- Send build notification to the user who triggered the current build.
- Build against specified Subversion revision or Perforce change number.
- Include Subversion revision or Perforce change number as part of build version.
- Re-produce a Subversion or Perforce build even if it is not labeled.
- Display repository change logs since last successful build.
- Remove all password information when exporting database content to external XML file.
- A new step type ("trigger build in another configuration") has been added so that other builds can be triggered selectively by current build.
- A new step type ("label promotion") has been added to support label promotion at repository side. With this step, when a StarTeam build is promoted from QA to Release configuration, QuickBuild can be configured to promote the build label from QA to Release state at StarTeam side.
- A new step type ("fail current step") has been added so that the build can be failed if a particular condition can not be satisfied.
- Error/Warning/Debug information in the build log can be configured to display in different colors.
- A new repository type ("Perforce (use template)") has been added to support Perforce templates.
- Perforce repository use is enhanced to support label locking after build.
- Monitor particular StarTeam promotion state, and trigger new build automatically if a new label is attached to that state.
- Monitor recommended/latest baselines for ClearCase UCM model, and trigger new build automatically if these baselines are changed.
PMEase has announced the availability of QuickBuild 1.1, a J2EE web application specifically designed to automate and manage software builds, with features such as build definition inheritance and overriding, build promotion, etc. It acts as a build platform unifying various build types, such as continuous integration builds, nightly builds, QA builds, and Release builds. This release comes with extensive LDAP support. Various LDAP servers have been tested including Microsoft Active Directory. Besides authenticating users through the LDAP server, group information in LDAP can be leveraged to set user permissions on the QuickBuild side. Also the build promotion feature has been greatly enhanced in this release to achieve flexibility. This feature is designed to move builds between different stages during software development. For example, you may promote a nightly build as QA build for deployment and testing, or promote a gold QA build as release build and tag the source code with a formal release label, etc. Custom steps can be executed during the promotion process to execute tasks such as sending notification to interested parties. Many of our customers rely heavily on this feature to streamline their development process, and have come up with a lot of comments since version 1.0. This led to a re-design of this feature. Now besides the ability to re-construct a build from source during promotion, artifacts of an existing build can be promoted into a new build and additional steps can be executed to further process them. At the same time the source code can be re-labeled with new version. A few usage scenarios at http://www.pmease.com/public/docs/guide/ch14s05.html give more detail information on how this feature works. Other new features include:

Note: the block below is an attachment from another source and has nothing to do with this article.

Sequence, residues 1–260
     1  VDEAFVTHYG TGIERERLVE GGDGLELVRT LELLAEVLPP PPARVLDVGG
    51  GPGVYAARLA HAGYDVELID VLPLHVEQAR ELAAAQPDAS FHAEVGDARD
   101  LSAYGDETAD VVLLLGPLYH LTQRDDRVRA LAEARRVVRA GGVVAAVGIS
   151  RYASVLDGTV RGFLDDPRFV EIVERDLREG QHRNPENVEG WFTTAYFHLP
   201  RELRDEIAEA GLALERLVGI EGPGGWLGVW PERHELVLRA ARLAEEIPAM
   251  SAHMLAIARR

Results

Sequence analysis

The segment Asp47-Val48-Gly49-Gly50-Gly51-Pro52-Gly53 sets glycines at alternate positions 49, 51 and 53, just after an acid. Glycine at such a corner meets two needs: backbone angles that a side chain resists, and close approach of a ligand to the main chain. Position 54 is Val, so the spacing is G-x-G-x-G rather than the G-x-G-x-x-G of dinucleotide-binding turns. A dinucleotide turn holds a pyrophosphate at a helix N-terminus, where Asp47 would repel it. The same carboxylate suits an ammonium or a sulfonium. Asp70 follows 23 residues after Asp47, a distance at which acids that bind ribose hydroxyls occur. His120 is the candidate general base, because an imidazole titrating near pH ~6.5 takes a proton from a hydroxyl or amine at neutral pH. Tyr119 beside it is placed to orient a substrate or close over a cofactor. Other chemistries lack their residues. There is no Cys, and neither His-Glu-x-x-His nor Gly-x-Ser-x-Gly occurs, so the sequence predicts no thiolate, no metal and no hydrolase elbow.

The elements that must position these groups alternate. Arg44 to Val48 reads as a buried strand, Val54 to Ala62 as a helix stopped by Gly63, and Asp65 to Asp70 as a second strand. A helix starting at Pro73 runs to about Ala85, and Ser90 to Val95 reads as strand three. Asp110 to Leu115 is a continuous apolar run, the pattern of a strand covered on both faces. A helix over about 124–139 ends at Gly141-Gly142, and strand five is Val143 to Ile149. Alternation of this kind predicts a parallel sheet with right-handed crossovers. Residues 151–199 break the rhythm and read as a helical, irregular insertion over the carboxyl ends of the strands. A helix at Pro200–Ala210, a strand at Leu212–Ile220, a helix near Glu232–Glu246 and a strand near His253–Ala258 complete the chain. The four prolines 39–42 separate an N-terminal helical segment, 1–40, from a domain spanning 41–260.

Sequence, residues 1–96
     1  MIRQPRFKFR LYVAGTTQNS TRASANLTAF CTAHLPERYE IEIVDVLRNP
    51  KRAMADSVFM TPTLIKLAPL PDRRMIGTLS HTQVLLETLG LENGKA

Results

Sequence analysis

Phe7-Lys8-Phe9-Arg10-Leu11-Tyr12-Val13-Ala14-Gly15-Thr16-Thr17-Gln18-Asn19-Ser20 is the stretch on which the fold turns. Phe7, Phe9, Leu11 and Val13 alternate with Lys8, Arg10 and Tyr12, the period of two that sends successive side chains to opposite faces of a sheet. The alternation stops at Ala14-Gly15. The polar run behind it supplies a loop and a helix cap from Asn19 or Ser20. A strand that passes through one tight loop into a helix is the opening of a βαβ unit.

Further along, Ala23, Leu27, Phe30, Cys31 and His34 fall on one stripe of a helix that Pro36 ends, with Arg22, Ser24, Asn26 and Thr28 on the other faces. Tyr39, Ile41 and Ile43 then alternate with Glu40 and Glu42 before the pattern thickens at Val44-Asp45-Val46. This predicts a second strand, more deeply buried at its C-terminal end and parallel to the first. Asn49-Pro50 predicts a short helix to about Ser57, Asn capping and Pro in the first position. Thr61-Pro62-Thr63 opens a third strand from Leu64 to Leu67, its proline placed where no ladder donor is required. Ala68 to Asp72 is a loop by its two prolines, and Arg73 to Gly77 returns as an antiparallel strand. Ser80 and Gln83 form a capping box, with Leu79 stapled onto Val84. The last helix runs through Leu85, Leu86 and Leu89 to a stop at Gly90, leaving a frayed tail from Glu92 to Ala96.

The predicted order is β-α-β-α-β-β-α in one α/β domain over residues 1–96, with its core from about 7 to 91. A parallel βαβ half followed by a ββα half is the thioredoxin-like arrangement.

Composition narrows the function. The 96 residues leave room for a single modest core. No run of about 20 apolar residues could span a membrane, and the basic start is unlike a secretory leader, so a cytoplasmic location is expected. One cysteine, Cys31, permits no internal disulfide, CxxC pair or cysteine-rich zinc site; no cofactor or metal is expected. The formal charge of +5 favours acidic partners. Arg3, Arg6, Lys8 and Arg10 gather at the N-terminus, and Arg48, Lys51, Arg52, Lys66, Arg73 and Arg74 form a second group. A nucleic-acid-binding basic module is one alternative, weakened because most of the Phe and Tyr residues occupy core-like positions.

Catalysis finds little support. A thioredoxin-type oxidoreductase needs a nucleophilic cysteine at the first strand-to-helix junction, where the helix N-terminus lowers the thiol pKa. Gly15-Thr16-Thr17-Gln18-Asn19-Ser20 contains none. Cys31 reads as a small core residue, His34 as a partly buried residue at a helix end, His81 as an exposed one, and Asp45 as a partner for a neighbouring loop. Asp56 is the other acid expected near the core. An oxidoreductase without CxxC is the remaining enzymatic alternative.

- Posted by: Robin Shine